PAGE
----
As Captain on merchant ships one thing I did not see all that often was the use of Manropes by Pilots. While it was seen occasionally in South Africa and a few other ports around the world it certainly was not the norm. This low tech way of disembarking from ships is the norm on the Columbia River Bar and deserves a second look.
The Columbia River Bar is unique in the problem of boarding ships in the ocean with no lee except the ships hull, and a large Pacific swell to contend with. The pilot boat rises and falls with the swell sometimes as much as 30 feet, and timing the transfer for the top of the swell is a challenge. By using manropes the pilot can time that “magic moment”, when the pilot boat peaks while staying high enough on the ladder to avoid being crushed by the boat. Swinging out on the rope and sliding down using gloves as brakes and legs as shock absorbers has been very successful for over 160 years.
Whether to use one rope or two is an individual decision, I prefer two as it gives me a backup line, but the possibility of getting entangled in the bight of the second line is always a problem. Three inch manila rope that has been dragged behind the ship to get the wax off is the prescribed style of line best suited for manropes. Synthetic manropes are very slippery and just don’t work very well, particularly when they are wet. The only knots allowed are at the very bottom of the lines and those should be a “monkeys fist” knot with weight to hold the line and act as a final stop should the line be to short.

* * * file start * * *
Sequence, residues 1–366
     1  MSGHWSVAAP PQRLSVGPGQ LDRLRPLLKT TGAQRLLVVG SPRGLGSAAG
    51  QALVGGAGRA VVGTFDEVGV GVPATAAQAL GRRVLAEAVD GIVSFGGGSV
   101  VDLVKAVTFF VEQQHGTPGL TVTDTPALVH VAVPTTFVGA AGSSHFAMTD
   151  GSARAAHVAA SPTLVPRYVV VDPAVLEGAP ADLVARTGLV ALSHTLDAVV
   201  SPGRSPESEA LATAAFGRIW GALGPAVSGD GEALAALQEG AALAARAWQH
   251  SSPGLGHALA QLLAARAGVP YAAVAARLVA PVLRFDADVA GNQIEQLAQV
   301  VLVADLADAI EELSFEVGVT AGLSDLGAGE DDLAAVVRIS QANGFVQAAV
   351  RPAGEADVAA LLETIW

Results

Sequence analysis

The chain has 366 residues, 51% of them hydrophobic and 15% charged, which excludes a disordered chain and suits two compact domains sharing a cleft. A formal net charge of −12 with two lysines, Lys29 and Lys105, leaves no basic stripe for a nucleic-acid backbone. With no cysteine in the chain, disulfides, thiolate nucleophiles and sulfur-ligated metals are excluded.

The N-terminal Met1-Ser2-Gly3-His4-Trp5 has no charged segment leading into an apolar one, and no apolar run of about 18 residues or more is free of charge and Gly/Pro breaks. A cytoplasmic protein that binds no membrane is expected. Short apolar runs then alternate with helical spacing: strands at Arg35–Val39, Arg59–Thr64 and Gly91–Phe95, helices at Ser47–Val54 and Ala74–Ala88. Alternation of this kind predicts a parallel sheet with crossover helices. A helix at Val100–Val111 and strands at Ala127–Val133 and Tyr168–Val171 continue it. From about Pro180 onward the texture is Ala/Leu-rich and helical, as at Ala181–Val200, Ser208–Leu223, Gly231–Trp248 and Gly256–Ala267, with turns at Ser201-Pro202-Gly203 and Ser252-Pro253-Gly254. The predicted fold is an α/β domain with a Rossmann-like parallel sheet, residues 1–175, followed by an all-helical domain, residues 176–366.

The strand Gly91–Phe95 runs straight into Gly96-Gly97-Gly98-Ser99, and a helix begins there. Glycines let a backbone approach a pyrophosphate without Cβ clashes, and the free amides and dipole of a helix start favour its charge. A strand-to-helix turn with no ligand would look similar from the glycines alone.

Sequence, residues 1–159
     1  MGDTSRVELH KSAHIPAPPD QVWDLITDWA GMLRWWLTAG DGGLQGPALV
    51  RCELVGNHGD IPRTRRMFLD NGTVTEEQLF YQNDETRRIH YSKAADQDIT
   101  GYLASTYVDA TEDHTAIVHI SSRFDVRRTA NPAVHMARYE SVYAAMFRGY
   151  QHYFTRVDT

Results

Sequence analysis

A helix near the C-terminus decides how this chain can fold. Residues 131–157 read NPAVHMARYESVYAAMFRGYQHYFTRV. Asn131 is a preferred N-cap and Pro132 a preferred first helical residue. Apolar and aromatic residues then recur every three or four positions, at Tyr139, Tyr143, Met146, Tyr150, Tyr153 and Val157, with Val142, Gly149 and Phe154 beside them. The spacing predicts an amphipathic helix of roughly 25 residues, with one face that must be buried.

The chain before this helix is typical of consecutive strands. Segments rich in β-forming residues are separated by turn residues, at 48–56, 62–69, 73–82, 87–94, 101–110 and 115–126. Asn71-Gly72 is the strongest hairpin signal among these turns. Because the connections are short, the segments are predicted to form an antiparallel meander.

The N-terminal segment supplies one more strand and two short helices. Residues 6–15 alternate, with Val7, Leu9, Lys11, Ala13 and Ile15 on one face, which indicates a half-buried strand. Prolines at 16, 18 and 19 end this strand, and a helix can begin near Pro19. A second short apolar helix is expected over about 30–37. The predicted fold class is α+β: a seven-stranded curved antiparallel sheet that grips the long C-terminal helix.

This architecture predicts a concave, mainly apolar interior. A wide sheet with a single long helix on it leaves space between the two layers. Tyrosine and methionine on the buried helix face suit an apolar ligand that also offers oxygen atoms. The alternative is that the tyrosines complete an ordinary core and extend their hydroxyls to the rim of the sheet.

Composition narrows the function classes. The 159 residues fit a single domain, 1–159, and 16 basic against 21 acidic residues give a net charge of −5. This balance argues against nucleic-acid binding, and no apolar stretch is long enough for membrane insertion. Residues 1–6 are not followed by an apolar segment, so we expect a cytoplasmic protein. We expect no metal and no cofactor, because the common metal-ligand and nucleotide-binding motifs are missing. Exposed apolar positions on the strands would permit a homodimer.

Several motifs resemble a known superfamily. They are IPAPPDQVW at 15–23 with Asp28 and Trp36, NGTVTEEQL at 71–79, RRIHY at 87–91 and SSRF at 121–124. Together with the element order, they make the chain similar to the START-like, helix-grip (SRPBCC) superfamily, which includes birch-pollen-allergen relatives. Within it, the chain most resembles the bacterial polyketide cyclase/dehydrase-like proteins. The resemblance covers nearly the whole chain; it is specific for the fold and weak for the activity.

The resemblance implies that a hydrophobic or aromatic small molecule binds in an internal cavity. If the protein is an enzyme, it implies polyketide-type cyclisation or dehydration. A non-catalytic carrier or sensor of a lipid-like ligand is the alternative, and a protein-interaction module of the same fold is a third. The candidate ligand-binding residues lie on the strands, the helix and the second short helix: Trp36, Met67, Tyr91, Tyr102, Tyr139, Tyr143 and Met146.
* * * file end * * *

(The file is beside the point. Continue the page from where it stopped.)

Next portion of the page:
Training in the use of manropes requires a pilot ladder rigged on the side of a building and two manropes secured at the top. Getting the timing down so that the pilot can catch the boat at the top of the swell is just a matter of depth perception and gradually moving from small to large swell. The use of those spring loaded grip strengtheners really helps in building up the “brakes” for stopping the slide. My method of keeping the timing up is to use the ropes both for the inside launch as well as the outside pilot boat, this allows for training year around and is particularly helpful when we use the helicopter as the primary means of transport.
Manropes have been around “forever”, but their use in many ports is a rarity. They really have their place even on less rigorous grounds than the Columbia River Bar and should be considered. It reduces the time of vulnerability of the pilot on the ladder, makes the transfer much quicker, and helps to reduce the chance of injury should the boat rise unexpectedly. In this time when the accident rate for pilots has been particularly high it may be time to reexamine this method of disembarking to see if it may help increase the safety of ship pilots.